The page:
• Sophomore Michael Carmody took over for freshman prodigy Blake Fisher at left tackle Sunday night after the latter suffered a leg injury. Fisher’s MRI was scheduled for Monday afternoon, though Kelly has been told the injury isn’t expected to be season-ending.
Should Carmody or grad senior right tackle Josh Lugg go down, Kelly said sophomore Tosh Baker and freshman Joe Alt would be the next two options.
“And we have confidence in both those guys, that they can come in and play at a high level for us," Kelly said
Next step for O-line
Four sacks given up and the 15th-fewest rushing yard total of the Brian Kelly Era (65 yards on 35 carries) left the Irish head coach, nevertheless, encouraged that growth is ahead rather than more of the same for an offensive line laden with four new starters.
“These are just matters of fundamentals more so than we lack personnel or we lack the ability to make that play,” Kelly said. “I've been in that position before too, and I don't have great answers for those.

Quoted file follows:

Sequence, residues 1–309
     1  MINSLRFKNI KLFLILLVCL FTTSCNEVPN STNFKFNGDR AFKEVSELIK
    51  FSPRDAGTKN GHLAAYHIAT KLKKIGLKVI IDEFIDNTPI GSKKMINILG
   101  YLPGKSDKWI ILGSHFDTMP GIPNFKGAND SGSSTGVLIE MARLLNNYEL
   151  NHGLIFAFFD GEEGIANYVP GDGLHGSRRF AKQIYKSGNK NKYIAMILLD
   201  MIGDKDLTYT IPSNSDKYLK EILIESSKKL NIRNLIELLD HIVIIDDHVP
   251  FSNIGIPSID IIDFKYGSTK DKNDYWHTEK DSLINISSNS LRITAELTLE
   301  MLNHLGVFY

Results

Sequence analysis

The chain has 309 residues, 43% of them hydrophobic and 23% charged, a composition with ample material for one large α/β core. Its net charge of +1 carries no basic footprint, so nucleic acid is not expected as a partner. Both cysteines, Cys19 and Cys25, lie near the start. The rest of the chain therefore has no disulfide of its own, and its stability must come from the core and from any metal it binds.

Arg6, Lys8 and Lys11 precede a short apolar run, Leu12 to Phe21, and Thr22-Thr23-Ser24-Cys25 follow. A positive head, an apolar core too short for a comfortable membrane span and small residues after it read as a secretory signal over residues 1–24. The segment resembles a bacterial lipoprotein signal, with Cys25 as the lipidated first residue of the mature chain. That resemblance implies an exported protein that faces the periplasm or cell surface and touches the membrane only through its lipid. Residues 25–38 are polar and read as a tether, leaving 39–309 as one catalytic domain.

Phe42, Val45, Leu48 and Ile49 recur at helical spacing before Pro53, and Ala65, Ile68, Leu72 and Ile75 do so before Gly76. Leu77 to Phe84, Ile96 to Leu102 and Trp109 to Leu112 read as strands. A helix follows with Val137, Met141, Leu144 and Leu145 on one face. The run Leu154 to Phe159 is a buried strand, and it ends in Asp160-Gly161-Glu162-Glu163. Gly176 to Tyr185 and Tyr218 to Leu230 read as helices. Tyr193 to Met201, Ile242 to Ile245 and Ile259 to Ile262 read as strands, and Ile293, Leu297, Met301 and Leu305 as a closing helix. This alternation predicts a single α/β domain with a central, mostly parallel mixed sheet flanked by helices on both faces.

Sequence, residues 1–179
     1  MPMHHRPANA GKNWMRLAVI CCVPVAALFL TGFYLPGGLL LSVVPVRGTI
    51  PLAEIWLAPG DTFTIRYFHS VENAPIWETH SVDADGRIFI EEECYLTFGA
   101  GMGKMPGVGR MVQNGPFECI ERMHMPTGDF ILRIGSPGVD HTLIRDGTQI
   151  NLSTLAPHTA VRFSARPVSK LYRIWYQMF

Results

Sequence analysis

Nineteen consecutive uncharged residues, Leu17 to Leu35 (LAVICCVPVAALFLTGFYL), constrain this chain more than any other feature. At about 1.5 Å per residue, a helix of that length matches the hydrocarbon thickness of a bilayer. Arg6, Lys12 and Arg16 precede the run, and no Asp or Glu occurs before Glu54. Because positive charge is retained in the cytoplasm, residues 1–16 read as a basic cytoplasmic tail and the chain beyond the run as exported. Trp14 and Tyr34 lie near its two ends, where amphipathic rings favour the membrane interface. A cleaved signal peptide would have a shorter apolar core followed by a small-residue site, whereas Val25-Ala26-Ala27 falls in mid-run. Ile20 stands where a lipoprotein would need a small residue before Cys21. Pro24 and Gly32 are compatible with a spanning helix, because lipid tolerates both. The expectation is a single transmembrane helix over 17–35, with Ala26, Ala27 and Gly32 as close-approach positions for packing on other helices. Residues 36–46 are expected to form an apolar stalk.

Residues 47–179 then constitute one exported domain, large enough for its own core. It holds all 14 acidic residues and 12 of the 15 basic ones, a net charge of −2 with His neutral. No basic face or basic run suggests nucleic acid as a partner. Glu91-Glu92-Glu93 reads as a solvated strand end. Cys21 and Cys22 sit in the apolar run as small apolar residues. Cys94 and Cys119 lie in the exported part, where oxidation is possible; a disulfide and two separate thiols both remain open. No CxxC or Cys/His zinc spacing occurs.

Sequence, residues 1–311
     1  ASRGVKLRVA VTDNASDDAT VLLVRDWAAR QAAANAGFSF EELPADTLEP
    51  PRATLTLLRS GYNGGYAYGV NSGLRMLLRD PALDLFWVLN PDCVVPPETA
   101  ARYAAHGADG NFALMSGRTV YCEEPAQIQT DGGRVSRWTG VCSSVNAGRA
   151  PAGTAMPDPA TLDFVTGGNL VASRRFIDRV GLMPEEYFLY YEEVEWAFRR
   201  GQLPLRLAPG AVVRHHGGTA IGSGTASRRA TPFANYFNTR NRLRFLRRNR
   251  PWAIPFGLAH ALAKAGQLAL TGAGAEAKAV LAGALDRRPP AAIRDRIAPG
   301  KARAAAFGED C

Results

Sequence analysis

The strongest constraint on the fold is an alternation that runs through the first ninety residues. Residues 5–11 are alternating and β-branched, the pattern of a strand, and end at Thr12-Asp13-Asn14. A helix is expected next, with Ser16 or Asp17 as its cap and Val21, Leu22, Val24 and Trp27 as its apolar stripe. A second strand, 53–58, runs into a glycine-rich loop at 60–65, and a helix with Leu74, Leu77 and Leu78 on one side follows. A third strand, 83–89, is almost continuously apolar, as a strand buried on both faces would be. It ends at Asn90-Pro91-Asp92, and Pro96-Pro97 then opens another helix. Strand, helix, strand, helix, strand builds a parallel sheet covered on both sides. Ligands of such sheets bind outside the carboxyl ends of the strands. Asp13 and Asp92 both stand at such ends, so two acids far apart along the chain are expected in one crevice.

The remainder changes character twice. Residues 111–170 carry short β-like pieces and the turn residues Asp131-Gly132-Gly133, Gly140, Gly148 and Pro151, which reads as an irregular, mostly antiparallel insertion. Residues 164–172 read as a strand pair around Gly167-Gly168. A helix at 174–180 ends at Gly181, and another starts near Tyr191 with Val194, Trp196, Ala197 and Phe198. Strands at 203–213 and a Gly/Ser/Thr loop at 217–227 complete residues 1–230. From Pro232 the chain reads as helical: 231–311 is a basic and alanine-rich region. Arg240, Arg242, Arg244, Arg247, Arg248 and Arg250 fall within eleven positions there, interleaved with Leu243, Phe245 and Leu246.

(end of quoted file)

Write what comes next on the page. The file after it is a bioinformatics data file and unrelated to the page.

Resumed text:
“These are, ‘Let's get back out there. Let's rep these. Let's get into these situations again and let's execute at a higher level. And certainly, we believe we can do that.”
The Irish have two preseason All-Americans among their starting five — senior center Jarrett Patterson and sixth-year offensive guard Cain Madden — to go along with former four- and five-star prospects at the other three positions, even if Fisher doesn’t return right away.
"I thought we protected pretty darn well,” Kelly said. “We were pleased with the protection. We had a couple procedure penalties. We had an assignment error on a sack, where we just flat out went the wrong way on it on a slide protection. But overall, pretty pleased with what we did from a protection standpoint.
“Look, I'm not here to make any excuses for anything relative to the run game. We're going to run the ball a little bit better. There's no doubt. But when you're in silent cadence and you're utilizing tight ends on the perimeter, it makes for a difficult cadence to get everybody moving at the same time. And we struggled a little bit with that in unison getting off the ball.